Detailed Embroidered Portraits Look Exactly Like Acrylic Paintings

Normally the term embroidery recalls memories of those flouncy pillows at grandma’s house you were never allowed to touch. But Missouri-based artist Cayce Zavaglia is changing the image associated with embroidered art.

Initially trained as a painter, Cayce switched mediums 12 years ago in an attempt to create a non-toxic studio. Over the last decade, she’s created countless hyperrealistic portraits of friends and family—using thread instead of paint.Her history as a painter gave her the necessary training to use cotton, silk, and wool to create depth and volume.

“From a distance I want the person to still think it’s a painting, and then as they get closer I want them to be surprised that it’s actually sewn,” she says in a self-produced video describing her process.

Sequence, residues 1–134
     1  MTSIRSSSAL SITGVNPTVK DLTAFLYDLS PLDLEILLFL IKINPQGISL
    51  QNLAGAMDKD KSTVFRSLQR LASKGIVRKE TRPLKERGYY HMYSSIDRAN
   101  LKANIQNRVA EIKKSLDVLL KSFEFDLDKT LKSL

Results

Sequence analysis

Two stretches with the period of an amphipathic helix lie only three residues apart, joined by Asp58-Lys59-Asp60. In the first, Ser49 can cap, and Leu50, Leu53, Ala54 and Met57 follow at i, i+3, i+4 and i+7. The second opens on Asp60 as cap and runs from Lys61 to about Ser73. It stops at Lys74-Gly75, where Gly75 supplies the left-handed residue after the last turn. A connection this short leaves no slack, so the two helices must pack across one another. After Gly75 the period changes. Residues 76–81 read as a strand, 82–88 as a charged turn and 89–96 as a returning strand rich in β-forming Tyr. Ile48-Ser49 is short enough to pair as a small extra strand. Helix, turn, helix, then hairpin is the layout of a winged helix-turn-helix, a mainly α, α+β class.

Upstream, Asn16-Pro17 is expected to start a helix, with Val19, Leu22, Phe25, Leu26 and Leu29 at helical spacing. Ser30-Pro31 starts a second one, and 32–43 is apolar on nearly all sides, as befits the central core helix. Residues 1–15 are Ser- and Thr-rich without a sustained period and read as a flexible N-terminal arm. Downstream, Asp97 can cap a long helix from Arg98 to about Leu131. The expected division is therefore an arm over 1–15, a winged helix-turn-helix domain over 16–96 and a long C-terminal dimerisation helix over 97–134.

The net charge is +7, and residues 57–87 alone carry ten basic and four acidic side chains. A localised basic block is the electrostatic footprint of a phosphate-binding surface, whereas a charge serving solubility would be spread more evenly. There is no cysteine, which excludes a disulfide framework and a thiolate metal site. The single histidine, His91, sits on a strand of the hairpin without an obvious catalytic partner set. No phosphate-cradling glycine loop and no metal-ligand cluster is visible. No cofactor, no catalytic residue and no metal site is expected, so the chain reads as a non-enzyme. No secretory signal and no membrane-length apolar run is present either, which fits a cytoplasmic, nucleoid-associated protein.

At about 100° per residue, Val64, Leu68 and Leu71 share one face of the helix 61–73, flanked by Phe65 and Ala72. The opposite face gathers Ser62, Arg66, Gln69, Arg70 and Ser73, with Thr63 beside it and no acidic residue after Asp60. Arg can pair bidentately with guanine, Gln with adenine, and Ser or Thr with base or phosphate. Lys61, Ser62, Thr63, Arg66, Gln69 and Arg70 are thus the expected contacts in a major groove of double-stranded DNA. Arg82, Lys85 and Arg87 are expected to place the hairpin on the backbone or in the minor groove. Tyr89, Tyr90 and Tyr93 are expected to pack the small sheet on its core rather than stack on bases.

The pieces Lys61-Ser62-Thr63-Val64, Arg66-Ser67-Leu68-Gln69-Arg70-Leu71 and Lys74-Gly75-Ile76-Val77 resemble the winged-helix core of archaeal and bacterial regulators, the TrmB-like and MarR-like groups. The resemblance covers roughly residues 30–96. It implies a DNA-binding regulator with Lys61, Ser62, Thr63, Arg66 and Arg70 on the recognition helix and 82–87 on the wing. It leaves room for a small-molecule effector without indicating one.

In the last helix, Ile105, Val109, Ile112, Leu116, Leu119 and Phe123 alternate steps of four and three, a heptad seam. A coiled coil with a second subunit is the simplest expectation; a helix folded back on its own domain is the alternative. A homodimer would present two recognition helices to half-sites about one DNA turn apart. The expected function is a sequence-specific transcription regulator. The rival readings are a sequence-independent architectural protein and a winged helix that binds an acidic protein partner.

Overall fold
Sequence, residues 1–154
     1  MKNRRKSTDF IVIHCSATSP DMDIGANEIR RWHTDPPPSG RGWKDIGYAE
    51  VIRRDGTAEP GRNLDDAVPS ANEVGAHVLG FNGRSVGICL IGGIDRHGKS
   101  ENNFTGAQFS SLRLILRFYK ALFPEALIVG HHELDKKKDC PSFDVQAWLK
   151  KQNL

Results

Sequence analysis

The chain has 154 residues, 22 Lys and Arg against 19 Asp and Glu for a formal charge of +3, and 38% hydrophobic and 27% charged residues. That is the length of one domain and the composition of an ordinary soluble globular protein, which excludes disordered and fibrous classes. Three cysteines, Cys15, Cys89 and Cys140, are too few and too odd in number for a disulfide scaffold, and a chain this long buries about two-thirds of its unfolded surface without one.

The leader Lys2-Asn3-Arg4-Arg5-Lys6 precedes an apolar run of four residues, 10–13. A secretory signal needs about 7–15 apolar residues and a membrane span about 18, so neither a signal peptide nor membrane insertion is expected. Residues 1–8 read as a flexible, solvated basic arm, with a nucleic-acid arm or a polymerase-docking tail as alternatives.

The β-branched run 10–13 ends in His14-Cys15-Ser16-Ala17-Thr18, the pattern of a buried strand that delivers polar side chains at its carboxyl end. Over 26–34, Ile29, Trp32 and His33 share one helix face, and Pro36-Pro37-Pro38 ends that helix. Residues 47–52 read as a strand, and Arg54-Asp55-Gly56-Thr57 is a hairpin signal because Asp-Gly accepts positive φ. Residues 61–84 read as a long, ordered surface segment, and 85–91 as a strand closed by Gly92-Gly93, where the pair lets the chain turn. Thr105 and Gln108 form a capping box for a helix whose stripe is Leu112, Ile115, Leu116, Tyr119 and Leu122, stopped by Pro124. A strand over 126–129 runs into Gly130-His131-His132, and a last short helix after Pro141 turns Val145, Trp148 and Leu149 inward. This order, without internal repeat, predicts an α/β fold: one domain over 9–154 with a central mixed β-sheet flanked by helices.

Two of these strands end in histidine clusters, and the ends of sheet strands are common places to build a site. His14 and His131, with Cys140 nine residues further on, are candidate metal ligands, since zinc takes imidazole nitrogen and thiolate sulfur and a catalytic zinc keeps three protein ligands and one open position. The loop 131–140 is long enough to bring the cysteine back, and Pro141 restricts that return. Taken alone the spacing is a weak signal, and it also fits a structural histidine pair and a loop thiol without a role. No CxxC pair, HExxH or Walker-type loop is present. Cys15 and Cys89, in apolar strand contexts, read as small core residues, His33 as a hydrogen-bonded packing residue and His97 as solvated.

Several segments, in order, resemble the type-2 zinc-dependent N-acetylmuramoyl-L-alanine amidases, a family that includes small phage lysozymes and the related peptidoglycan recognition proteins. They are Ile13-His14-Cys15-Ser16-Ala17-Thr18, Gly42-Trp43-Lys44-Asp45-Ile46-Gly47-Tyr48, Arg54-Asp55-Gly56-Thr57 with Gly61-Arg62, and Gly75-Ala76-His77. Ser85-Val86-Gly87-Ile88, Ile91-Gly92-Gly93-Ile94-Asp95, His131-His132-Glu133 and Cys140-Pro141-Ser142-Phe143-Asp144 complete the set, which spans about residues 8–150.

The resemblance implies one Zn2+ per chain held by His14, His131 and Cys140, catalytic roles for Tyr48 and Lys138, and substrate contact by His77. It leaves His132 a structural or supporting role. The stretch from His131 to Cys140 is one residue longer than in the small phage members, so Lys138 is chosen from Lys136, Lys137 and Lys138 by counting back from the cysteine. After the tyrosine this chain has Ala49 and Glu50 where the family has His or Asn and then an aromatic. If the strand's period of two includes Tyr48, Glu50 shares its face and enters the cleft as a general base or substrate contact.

Portraits begin with a photo shoot in Cayce’s studio, which is conveniently located inside of her house. Those images are then recreated in incredible detail.

“I feel like we all have this side that we present everyday, and we might have moles and scars and we do our best to pretty it up and present it to the world. But there’s always this side to us that perhaps no one sees.”

Utilizing both sides of the art emphasizes the importance of inner beauty, as well as projected beauty.

embroidered little girl

embroidered man

reverse of man

woman portrait

Reverse side of embroidery

Check out more of her impressive body of work on her website.

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